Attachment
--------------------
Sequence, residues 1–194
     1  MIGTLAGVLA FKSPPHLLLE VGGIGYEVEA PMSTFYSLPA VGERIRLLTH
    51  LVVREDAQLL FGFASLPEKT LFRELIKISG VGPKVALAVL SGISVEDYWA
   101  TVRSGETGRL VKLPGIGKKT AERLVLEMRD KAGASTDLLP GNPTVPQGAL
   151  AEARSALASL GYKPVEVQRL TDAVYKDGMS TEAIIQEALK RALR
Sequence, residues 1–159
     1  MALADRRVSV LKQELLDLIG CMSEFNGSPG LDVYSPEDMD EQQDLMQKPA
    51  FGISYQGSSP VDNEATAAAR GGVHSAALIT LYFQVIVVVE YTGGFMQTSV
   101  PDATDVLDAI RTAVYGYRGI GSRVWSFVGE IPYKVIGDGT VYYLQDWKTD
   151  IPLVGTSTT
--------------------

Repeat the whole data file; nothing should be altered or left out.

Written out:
Sequence, residues 1–194
     1  MIGTLAGVLA FKSPPHLLLE VGGIGYEVEA PMSTFYSLPA VGERIRLLTH
    51  LVVREDAQLL FGFASLPEKT LFRELIKISG VGPKVALAVL SGISVEDYWA
   101  TVRSGETGRL VKLPGIGKKT AERLVLEMRD KAGASTDLLP GNPTVPQGAL
   151  AEARSALASL GYKPVEVQRL TDAVYKDGMS TEAIIQEALK RALR
Sequence, residues 1–159
     1  MALADRRVSV LKQELLDLIG CMSEFNGSPG LDVYSPEDMD EQQDLMQKPA
    51  FGISYQGSSP VDNEATAAAR GGVHSAALIT LYFQVIVVVE YTGGFMQTSV
   101  PDATDVLDAI RTAVYGYRGI GSRVWSFVGE IPYKVIGDGT VYYLQDWKTD
   151  IPLVGTSTT